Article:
My plan was to hike from the dock around the island in a counter-clockwise direction and camping the first night somewhere on the West side of the island somewhere near the Crescent dock, stay two nights and return to the dock on the third day and catch the ferry back to Leland.
After the orientation and obligatory safety warnings, I followed the trail through mixed scrub and grass Northward past the Village campground and past a sign alerting me that I was now entering the backcountry. Soon after, I entered the forest. It was a hot breezy day and the open grasslands were nice but inside the forest there was little breeze. Soon I had to stop and break out my DEET. Mosquitoes were THICK in the forest and without a generous coating of DEET; I would have been eaten alive. Nonetheless, the DEET only deterred the bastards. They swarmed me and their buzzing around my face was annoying; but at least they were not biting.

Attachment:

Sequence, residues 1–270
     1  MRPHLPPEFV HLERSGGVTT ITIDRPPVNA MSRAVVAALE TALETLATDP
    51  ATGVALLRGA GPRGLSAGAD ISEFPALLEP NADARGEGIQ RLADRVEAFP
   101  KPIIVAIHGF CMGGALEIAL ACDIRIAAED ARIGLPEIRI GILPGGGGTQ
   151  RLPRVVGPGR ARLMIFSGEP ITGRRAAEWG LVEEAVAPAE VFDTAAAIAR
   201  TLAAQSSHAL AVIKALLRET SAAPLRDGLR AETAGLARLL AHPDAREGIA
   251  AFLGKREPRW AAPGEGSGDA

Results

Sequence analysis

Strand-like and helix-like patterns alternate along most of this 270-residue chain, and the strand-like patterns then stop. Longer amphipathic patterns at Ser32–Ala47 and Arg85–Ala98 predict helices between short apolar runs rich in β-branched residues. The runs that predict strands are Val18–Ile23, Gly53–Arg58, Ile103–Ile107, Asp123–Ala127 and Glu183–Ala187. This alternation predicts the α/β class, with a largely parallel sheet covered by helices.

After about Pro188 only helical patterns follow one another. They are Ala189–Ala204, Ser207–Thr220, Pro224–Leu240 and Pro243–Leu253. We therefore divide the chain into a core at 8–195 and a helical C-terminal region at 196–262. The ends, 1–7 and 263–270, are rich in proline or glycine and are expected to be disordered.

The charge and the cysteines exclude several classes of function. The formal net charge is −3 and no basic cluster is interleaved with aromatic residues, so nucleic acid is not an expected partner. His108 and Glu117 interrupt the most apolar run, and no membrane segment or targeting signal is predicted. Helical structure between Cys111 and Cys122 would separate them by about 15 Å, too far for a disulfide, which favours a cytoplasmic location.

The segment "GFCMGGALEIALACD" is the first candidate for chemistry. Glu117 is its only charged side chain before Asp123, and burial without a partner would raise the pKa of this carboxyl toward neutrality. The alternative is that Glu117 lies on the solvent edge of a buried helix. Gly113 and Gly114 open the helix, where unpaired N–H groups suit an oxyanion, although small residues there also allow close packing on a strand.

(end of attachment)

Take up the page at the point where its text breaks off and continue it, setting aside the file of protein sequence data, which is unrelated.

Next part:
After several miles, I found myself hiking along the old railroad grade that had once been used for transporting timber. This is where I spotted a fox. It was running directly toward me. Far behind, it was a small group of hikers. The fox came within 30 yards of me before turning abruptly, off the trail, and disappearing into the dense forest. Besides gulls and Garter snakes, this was the first wildlife I had seen on the island.
A little while later, I emerged from the forest and the trail meandered about rolling hillsides covered in grasses with trees scattered about. A little while later, I came upon the remnants of the Crescent Docks. Wading in Lake Michigan was refreshing as the temperature was in the upper eighties and very humid.